Q&A: On Graffiti

Q: What do you think about graffiti? Do you approve of it? Do you regard graffiti as an art? I would appreciate if you could answer! I’m a big fan of your artwork and I am an aspiring graffiti artist. 



This example of graffiti is really fun and it would be difficult to assert that it damaged its environment. It uses the anamorphic perspective made popular in 3D pavement art.

A: I am often asked my point of view on Graffiti and its relationship to pavement art. For me, the difference is in the intention of the artists. Graffiti artists work in isolation to impose their vision on an unwelcoming environment. Pavement artists interact with the public and seek to gain their interest and support. Pavement artists do not seek to permanently alter the environment, but hope to enliven it for a moment. The word graffiti comes from sgraffito, which literally means to scratch the message into a surface. In Europe you can see examples of this scratching that have defaced artworks and monuments for centuries and perhaps millennia. This historical version of graffiti was certainly an imposition on history and culture especially because the damage was permanent and defaced beautiful things.

To me, art is nature’s way of expressing its creativity through human beings.  If graffiti is creative, it is art. The real question to pose is about the relationship between the artist, the art and the public. I believe that a work of art exists only in relationship to its public. It is absurd to assert that a work is important outside of that relationship. A work may be potentially important if a sector of the public will eventually embrace it, but most works do not survive long in a cultural vacuum.

Pavement art is aligned to graffiti because it allows artists to express themselves directly to the public without an intermediary, (such as a gallery or cultural institution). It is different from graffiti in the sense that pavement artists seek to entertain, amaze and challenge their public in the hopes of financial compensation. In general, graffiti is focused on the artists’ intense need for self-expression. Graffiti pretends not to be dependent on the public’s approval.

I think it is vital for humans to express themselves in the context of their culture without an intermediary. At the same time, individual self-expressions in public places that are unconcerned with their audience are egotistical and antisocial. These expressions may be valid if the goal is for social reform; (to undermine, criticize or protest the evils of society), but the artist must then be prepared to accept the inevitable consequences and limitations of these actions.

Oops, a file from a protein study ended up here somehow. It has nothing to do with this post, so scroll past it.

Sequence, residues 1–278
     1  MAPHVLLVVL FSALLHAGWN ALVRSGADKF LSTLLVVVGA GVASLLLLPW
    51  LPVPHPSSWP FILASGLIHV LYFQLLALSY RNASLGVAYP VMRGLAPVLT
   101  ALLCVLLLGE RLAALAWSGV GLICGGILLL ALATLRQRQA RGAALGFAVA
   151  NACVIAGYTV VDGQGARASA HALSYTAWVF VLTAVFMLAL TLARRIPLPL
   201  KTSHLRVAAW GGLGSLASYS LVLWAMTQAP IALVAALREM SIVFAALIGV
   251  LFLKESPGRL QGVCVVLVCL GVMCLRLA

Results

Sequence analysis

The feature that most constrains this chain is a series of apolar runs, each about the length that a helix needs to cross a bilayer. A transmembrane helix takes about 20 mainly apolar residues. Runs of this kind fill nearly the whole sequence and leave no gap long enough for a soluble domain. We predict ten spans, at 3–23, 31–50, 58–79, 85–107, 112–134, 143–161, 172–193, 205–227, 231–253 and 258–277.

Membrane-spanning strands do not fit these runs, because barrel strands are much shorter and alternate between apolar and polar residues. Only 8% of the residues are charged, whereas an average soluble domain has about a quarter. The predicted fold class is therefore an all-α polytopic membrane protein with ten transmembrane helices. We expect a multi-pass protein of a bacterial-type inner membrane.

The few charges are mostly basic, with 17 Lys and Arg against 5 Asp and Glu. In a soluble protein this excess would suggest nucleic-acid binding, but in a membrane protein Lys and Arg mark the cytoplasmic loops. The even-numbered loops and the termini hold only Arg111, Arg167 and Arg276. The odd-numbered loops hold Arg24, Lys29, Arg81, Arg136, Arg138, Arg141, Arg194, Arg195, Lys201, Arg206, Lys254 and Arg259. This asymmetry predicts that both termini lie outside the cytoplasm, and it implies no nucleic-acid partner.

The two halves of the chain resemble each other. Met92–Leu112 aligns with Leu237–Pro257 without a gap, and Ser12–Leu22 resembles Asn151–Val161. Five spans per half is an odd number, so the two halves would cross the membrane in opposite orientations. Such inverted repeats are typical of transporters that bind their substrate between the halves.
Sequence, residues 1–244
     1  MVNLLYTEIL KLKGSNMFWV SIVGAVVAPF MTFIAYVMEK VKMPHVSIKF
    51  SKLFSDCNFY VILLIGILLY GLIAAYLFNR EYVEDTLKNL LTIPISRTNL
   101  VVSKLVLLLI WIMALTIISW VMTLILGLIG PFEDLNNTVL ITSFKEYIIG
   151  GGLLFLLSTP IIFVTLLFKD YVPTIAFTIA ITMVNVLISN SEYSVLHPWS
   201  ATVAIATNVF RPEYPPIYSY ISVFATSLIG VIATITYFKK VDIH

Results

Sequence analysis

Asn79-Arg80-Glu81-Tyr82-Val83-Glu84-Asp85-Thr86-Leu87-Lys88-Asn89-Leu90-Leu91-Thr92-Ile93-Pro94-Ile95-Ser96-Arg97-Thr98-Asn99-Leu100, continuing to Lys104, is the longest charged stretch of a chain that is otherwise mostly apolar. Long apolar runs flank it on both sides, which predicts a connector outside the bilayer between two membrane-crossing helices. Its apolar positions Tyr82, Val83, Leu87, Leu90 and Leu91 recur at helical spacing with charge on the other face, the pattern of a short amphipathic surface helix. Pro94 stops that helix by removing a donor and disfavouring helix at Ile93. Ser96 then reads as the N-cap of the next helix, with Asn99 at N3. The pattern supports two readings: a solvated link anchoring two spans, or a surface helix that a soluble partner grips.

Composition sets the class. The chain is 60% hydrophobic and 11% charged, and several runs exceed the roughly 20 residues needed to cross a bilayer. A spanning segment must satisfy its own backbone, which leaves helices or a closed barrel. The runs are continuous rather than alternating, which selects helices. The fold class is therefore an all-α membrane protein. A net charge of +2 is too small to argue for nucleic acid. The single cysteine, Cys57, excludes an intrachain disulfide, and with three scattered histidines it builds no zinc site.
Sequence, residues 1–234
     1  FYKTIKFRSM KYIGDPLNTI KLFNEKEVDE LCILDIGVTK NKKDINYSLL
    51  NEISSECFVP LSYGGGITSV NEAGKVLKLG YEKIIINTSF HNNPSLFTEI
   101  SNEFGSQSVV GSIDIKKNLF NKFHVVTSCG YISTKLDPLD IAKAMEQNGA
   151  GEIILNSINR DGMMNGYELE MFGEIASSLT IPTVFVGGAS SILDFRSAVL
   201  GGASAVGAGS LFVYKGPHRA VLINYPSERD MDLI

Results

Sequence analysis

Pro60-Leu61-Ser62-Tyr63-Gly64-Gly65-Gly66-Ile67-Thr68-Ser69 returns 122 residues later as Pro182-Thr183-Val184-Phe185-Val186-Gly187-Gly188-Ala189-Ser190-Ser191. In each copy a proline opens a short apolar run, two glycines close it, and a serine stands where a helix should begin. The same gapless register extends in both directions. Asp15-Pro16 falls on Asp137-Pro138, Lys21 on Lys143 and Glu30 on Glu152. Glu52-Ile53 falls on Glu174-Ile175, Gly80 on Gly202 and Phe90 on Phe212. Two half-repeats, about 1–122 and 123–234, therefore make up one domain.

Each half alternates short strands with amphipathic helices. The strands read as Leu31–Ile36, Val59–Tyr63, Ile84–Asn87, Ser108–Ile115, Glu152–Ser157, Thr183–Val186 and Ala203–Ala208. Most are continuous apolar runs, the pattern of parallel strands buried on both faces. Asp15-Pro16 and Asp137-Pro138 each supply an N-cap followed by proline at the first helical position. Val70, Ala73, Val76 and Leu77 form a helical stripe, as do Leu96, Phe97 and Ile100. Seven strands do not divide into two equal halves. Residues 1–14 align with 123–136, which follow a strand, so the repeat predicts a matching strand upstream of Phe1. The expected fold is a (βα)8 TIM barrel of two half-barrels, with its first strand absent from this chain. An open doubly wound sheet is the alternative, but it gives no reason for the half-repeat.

Graffiti is an art form that has largely been created by young people working independent of social structures, and this is its strength. Becoming fashionable, it has been embraced by some galleries and official venues. Context and audience changes every work, therefore no work in a gallery can claim to be entirely independent of public approval.  It is an irony of our time that we attempt this.

Aesthetically, I rarely “like” graffiti in the sense of wanting to live with it.  I can admire the vigor of the calligraphic expression and the virtuosity when it is present. I also truly appreciate the need for artists to work outside of conventional venues.  Graffiti is in fact a form of “outsider art” sometimes called “art brut”.  It represents the human need to create in its most powerful and fundamental form.  Outsider art reinvigorates all of the arts when they lapse into convention and repetition.

Graffiti as an art form has all of the challenges and problems of any other movement.  It constantly risks lapsing into conventions and creating venues that are at odds with its primary message.  Artists eventually seek some sort of acceptance or approval from some group of people.  It is a contradiction when part of the artists’ message is that they don’t care about acceptance.

The first question any artist needs to ask is, “Who is my audience, and what am I trying to say to them?” When the relationship between the artist and the public is compassionate, everything functions well. When it is antagonistic, there needs to be a good reason for the strife. If the graffiti expression is done in a closed venue for a specific and appreciative audience, then there is no reason to judge it at all.